A month later a severe aphthous stomatitis with cervical lymph nodes inflammation and fever occurred: bacterial culture on various specimens (blood, excretion, swab) and serological tests (for cytomegalovirus [CMV], human immunodeficiency virus [HIV], Epstein–Barr virus [EBV], toxoplasma, Echo-Cox virus) excluded the most probable infective etiologies; this appearance was first considered an extraintestinal localization of CD—it responded to high doses of steroids, but relapsed at steroid tapering, becoming a chronic lymphadenitis, with a minimal effective dose of methylprednisolone 16 mg. The analysis of lymphocyte subpopulations did not demonstrate any abnormality. Chest x-ray, abdominal ultrasound, echocardiography, skin test for anergy, and ACE were normal. Finally, alcohol-acid-resistant bacilli were found in the expectorated analysis and the histological lymph node examination revealed the presence of a chronic granulomatous necrotizing suppurative lymphadenitis probably due to an atypical mycobacteriosis, which seemed to respond to a 4-fold antimycobacterial therapy for addiction to a tapering course of steroids. However, the same appearance, including an intermitting fever, relapsed 3 months later (1999); at this time the research for BK or atypical mycobacteria on biopsies was negative and transesophageal echocardiography, bone marrow biopsy, and bronchoscopy did not suggest anything significant. The treatment with 6-mercaptopurine failed due to intolerance, while cyclosporine was ineffective; on the contrary, the patient experienced two episodes of seizures and a left fronto-rolandic intracerebral deep lesion was diagnosed, requiring a neurosurgical intervention.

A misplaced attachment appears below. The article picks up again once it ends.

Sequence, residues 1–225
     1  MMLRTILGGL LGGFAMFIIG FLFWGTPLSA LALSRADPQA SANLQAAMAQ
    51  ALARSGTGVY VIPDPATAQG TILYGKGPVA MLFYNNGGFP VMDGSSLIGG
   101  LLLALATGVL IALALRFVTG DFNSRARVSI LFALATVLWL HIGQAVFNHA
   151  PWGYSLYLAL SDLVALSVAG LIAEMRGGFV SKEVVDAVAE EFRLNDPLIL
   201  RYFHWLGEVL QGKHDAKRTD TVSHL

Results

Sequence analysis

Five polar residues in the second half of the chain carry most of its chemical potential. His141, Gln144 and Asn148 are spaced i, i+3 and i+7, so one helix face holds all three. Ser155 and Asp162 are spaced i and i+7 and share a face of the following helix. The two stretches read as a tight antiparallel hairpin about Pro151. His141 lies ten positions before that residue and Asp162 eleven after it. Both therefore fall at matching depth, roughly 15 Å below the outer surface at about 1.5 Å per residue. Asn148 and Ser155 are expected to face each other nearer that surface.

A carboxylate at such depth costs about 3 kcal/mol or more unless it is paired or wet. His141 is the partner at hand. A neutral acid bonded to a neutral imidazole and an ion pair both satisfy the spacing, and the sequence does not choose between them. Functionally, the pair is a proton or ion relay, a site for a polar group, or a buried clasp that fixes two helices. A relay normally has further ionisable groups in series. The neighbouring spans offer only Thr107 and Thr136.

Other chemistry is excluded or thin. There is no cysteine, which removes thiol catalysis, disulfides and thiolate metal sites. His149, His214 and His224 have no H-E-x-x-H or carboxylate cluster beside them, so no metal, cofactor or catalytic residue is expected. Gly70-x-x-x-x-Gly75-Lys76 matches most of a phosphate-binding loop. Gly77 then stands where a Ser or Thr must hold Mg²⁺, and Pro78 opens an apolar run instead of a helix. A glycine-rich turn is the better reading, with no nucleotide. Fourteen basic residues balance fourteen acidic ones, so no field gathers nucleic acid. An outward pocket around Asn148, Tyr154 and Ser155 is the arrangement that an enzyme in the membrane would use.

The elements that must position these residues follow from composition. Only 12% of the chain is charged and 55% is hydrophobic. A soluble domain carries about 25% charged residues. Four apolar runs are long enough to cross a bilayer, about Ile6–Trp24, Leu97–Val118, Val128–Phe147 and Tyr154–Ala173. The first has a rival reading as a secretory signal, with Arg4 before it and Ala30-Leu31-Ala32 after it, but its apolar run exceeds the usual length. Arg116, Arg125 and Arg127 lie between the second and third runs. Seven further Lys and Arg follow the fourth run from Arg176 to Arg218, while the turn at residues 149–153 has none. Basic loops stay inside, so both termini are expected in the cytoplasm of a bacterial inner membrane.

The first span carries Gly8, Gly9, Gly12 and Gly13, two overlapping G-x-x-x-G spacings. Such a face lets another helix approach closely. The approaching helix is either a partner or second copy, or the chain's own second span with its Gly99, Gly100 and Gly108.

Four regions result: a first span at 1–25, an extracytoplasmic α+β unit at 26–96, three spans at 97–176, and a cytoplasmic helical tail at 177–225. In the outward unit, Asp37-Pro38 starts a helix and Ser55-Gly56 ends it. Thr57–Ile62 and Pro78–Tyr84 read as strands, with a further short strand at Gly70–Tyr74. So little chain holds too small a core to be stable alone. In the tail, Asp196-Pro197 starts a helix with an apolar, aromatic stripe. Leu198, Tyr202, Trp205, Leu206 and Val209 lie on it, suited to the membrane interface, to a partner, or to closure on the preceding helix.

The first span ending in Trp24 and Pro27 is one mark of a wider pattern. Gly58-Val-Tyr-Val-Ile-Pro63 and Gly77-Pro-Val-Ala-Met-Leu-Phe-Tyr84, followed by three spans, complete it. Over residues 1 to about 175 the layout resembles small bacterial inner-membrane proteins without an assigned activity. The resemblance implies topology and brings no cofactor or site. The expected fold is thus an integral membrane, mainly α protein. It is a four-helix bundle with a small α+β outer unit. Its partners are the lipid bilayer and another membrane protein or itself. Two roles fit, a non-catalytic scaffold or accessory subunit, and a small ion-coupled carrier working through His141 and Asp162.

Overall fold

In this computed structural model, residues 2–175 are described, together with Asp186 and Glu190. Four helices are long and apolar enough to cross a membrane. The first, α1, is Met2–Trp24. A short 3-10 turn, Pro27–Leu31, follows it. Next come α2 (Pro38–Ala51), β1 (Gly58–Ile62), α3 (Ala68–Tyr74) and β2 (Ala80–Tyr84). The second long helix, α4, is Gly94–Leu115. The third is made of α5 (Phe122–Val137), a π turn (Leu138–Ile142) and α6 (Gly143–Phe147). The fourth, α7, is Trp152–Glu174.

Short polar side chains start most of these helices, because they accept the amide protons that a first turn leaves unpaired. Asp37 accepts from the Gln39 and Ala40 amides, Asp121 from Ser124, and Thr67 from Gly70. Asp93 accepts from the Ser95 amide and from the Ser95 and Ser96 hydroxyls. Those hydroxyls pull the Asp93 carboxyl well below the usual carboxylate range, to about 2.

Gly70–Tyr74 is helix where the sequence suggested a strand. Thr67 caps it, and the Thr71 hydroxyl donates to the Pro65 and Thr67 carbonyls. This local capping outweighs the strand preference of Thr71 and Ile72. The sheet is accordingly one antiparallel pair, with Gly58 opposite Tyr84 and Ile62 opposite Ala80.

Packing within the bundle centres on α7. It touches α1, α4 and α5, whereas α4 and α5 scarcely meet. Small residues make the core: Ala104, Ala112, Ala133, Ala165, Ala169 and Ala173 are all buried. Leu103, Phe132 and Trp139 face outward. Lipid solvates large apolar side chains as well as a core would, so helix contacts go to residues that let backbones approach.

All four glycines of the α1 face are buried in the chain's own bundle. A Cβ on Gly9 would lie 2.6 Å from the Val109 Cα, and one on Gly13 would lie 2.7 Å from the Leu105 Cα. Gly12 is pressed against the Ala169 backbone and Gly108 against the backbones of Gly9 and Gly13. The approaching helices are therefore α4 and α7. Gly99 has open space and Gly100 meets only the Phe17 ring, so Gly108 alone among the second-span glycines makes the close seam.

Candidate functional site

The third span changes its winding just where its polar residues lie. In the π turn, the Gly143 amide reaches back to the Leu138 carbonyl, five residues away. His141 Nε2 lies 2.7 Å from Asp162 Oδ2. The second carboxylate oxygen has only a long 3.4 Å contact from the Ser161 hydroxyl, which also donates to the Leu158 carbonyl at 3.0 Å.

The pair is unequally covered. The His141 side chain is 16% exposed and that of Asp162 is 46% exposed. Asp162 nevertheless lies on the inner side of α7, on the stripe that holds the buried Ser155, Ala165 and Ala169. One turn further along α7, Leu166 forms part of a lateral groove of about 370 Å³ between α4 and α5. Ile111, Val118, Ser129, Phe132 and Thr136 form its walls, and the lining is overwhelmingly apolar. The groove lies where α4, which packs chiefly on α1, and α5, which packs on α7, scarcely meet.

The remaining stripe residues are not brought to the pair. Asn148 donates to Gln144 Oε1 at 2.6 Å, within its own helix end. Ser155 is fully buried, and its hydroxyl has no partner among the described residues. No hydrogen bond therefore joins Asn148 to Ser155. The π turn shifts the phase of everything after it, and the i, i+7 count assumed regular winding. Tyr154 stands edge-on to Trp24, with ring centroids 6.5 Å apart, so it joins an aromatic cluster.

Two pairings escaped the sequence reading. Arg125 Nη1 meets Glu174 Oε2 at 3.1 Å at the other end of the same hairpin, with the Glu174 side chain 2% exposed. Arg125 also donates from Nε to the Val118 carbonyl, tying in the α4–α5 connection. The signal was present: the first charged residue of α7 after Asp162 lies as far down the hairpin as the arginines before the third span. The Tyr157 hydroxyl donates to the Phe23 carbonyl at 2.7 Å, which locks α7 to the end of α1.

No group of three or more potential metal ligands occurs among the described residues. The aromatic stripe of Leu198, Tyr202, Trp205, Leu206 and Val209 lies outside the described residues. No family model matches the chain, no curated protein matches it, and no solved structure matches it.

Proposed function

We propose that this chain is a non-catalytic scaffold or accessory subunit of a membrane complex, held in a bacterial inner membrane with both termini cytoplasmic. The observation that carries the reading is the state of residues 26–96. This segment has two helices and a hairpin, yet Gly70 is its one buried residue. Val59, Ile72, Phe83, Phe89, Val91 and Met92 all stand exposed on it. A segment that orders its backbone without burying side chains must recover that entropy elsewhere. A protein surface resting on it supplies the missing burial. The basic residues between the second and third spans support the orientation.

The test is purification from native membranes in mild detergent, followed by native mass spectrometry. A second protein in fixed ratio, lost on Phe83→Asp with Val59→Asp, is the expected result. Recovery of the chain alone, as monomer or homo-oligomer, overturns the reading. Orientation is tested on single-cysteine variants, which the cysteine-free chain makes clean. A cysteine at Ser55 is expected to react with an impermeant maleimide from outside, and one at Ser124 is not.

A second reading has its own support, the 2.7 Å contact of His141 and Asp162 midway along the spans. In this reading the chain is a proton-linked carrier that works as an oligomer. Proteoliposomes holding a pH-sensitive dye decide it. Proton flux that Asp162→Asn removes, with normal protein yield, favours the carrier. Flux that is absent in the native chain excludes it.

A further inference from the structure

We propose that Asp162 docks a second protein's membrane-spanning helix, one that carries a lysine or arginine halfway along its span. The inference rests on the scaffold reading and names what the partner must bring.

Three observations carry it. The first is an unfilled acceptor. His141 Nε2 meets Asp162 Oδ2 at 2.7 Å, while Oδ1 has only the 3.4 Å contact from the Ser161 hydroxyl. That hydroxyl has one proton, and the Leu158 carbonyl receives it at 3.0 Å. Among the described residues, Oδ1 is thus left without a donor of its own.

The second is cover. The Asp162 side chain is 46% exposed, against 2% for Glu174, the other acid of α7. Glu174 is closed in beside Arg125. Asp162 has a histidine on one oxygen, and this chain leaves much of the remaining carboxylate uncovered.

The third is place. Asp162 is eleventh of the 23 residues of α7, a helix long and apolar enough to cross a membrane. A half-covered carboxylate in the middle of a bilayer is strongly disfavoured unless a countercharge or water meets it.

In 2003 he had a relapse of lymphadenitis with evidence of splenomegaly associated with platelets depletion; the analysis of osteomedullary biopsy showed no abnormality.
From 2006 to 2009 the progressive increase of the spleen size, monitored through ultrasound every 6 years, led both the hematologists and the gastroenterologists to consider a hypothesis of splenectomy.